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Runic Dictionary

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Snorri Sturluson (SnSt)

13th century; volume 3; ed. Kari Ellen Gade;

III. Háttatal (Ht) - 102

prose works

Háttatal — SnSt HtIII

Kari Ellen Gade 2017, ‘(Introduction to) Snorri Sturluson, Háttatal’ in Kari Ellen Gade and Edith Marold (eds), Poetry from Treatises on Poetics. Skaldic Poetry of the Scandinavian Middle Ages 3. Turnhout: Brepols, p. 1094.

stanzas:  1   2   3   4   5   6   7   8   9   10   11   12   13   14   15   16   17   18   19   20   21   22   23   24   25   26   27   28   29   30   31   32   33   34   35   36   37   38   39   40   41   42   43   44   45   46   47   48   49   50   51   52   53   54   55   56   57   58   59   60   61   62   63   64   65   66   67   68   69   70   71   72   73   74   75   76   77   78   79   80   81   82   83   84   85   86   87   88   89   90   91   92   93   94   95   96   97   98   99   100   101   102 

Skj: Snorri Sturluson: 2. Háttatal, 1222-23 (AII, 52-77, BII, 61-88)

SkP info: III, 1187

old edition introduction edition manuscripts transcriptions concordance search files

76 — SnSt Ht 76III

edition interactive full text transcriptions old edition references concordance

 

Cite as: Kari Ellen Gade (ed.) 2017, ‘Snorri Sturluson, Háttatal 76’ in Kari Ellen Gade and Edith Marold (eds), Poetry from Treatises on Poetics. Skaldic Poetry of the Scandinavian Middle Ages 3. Turnhout: Brepols, p. 1187.

Hrannir strýkva hlaðinn bekk;
haflauðr skeflir;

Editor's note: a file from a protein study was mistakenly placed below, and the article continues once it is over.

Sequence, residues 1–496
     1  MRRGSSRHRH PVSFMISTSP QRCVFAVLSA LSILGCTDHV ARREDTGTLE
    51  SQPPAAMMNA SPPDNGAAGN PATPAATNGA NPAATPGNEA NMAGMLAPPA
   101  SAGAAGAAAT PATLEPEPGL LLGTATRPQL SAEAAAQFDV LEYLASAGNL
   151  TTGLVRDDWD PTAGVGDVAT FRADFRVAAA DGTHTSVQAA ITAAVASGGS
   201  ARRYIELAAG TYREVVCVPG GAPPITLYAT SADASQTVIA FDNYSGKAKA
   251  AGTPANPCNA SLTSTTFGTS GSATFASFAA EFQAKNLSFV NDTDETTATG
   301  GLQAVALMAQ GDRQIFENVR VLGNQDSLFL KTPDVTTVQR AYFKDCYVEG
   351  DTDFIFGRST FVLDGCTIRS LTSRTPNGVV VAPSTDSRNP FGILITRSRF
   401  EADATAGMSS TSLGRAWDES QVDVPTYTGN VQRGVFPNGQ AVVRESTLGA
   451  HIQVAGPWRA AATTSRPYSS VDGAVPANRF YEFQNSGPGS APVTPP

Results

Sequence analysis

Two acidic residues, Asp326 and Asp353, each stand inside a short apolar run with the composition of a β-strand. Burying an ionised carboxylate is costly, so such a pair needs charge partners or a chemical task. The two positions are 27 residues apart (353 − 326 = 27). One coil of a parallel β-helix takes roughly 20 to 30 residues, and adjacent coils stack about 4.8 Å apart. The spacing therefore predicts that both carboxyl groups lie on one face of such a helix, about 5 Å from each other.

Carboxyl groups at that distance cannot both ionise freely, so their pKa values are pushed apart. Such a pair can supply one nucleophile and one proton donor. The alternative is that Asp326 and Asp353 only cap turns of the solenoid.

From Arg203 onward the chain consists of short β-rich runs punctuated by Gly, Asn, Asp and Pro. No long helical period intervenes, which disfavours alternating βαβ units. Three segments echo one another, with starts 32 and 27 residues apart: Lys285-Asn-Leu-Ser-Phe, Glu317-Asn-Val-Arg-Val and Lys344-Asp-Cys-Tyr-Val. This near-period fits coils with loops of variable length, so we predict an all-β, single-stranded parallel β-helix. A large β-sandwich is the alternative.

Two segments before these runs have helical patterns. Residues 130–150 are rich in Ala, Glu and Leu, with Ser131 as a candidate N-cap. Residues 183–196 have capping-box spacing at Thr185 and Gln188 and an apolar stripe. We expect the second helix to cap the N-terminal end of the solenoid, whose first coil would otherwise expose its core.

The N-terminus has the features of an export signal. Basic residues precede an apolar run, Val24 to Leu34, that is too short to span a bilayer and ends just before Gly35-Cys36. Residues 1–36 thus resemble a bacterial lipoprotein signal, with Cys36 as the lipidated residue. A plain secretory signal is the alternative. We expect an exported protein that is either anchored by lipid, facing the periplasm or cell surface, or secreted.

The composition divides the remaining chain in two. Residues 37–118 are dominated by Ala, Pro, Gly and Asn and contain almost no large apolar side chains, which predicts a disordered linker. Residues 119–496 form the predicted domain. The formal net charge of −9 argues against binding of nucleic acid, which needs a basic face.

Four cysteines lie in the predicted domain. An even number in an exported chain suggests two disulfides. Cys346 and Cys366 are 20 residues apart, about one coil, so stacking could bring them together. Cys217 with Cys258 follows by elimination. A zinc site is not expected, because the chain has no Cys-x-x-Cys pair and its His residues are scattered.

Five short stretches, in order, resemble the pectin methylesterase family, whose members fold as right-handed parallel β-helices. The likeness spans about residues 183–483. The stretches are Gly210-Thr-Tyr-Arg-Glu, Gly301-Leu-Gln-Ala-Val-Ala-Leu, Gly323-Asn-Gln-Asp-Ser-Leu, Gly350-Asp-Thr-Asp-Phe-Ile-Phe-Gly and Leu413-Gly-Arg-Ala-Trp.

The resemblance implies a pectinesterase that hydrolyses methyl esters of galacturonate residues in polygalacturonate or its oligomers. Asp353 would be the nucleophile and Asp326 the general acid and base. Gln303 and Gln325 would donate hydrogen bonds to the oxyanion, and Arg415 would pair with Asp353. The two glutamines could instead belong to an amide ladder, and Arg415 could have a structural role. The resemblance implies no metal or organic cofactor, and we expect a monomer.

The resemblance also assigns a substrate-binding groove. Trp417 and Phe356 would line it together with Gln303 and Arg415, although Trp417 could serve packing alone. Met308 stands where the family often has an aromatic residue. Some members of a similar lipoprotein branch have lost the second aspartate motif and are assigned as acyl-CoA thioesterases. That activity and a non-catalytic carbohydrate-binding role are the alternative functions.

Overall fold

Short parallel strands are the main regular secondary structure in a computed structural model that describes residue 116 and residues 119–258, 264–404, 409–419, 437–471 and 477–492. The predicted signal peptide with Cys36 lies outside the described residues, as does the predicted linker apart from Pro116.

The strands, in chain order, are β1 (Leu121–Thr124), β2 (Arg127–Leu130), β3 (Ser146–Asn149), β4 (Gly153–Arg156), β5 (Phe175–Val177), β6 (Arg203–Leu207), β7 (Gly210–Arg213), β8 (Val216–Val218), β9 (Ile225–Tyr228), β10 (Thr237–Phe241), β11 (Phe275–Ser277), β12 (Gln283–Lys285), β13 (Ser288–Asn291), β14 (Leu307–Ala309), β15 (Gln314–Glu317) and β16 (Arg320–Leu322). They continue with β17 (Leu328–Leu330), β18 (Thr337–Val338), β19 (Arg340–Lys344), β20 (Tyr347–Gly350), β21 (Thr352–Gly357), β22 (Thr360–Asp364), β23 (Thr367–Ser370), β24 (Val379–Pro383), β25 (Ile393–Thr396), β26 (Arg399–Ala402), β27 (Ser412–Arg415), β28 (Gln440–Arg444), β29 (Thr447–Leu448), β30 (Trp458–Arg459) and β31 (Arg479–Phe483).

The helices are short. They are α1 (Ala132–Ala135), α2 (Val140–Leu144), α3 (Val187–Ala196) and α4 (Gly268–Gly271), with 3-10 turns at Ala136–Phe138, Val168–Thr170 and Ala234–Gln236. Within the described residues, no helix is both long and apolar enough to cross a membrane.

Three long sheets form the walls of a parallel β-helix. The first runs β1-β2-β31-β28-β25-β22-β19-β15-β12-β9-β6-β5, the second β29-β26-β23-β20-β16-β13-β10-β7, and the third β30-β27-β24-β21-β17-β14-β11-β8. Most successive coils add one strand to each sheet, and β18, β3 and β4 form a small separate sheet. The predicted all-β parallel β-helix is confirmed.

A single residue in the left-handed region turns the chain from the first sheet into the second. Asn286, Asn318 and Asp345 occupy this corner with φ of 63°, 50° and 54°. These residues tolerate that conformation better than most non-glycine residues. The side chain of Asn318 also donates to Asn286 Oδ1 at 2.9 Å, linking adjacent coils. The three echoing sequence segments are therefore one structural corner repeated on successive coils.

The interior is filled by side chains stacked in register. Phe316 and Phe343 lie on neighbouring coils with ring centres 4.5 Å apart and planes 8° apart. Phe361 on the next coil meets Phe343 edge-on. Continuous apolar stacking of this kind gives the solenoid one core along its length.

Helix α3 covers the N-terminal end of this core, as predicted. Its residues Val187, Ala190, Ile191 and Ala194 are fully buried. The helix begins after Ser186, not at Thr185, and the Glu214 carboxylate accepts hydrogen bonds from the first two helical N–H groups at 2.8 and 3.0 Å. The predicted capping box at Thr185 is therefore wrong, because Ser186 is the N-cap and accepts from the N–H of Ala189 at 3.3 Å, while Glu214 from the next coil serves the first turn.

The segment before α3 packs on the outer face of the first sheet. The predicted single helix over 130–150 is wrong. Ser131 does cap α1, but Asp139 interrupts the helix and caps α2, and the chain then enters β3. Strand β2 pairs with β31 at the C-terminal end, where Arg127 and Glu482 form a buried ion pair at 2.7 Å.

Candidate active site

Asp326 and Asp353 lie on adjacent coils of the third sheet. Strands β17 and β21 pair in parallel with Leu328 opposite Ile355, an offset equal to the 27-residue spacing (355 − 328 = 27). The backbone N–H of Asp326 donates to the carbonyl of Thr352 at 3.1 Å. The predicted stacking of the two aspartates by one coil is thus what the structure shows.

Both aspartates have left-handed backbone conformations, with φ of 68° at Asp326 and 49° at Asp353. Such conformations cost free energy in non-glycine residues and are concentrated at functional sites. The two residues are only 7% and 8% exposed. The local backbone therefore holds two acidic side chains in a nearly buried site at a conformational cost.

kasta náir kjalar stíg
kalt hlýr sǫltum.
Svǫrtum hleypir svana fjǫll
snjallmæltr stillir
hlunna of Haka veg
hríðfeld skíðum.

 

Waves stroke the loaded ship; sea-foam piles up breakers; the cold prow throws aside {the salty path of the keel}. [SEA] The wise-spoken ruler makes {the black skis of rollers} [SHIPS] run {along the stormy mountains of swans} [WAVES] across {the road of Haki}. [SEA]

context: The metre is hnugghent ‘deprived-rhymed’. According to the commentary, the odd lines consist of seven syllables and have no internal rhymes. The difference between these odd lines and the odd lines in the previous stanza (st. 75) is that the penultimate word is a disyllabic short-stemmed word. If we assume resolution under primary stress (as indicated by the alliteration), these lines, too, can be treated as hexasyllabic, except l. 7 (barring emendation). The structure of the even lines is similar to those of sts 74-5 above, except that the internal rhyme, which here falls in positions 1 and 3, is skothent rather than aðalhent, except in l. 8 (and l. 4, if we assume aðalhending on a : ǫ, which is unlikely given the time of composition). All even lines have alliteration in position 1, and the odd lines have two alliterating staves: in position 1 and on the short-stemmed disyllabic word in penultimate position.

notes: This metre is not attested elsewhere. — The rubric in R is lxviiii. — [7]: The line contains only six syllables, and Rask (SnE 1818, 262) added the adv. fram ‘forwards’ after hlunna ‘rollers’, which has been adopted by subsequent eds (aside from SnE 1848-87, SnE 1931 and SnE 2007). — [8]: Hríð- : skíð- form aðalhending rather than skothending, and Konráð Gíslason (1895-7) suggested the reading stóðum ‘stud-horses’ (svǫrtum stóðum hlunna ‘the black stud-horses of the rollers,’ i.e. ‘the black ships’; adopted in Skj B and Skald).

texts: Ht 79, SnE 671

editions: Skj Snorri Sturluson: 2. Háttatal 76 (AII, 72; BII, 82); Skald II, 45; SnE 1848-87, I, 692-3, III, 130, SnE 1879-81, I, 12, 83, II, 28, SnE 1931, 246, SnE 2007, 32; Konráð Gíslason 1895-7, I, 48-9.

sources

GKS 2367 4° (R) 51v, 31 - 51v, 34 (SnE)  image  image  image  
AM 242 fol (W) 149, 31 - 150, 1 (SnE)  image  image  image  
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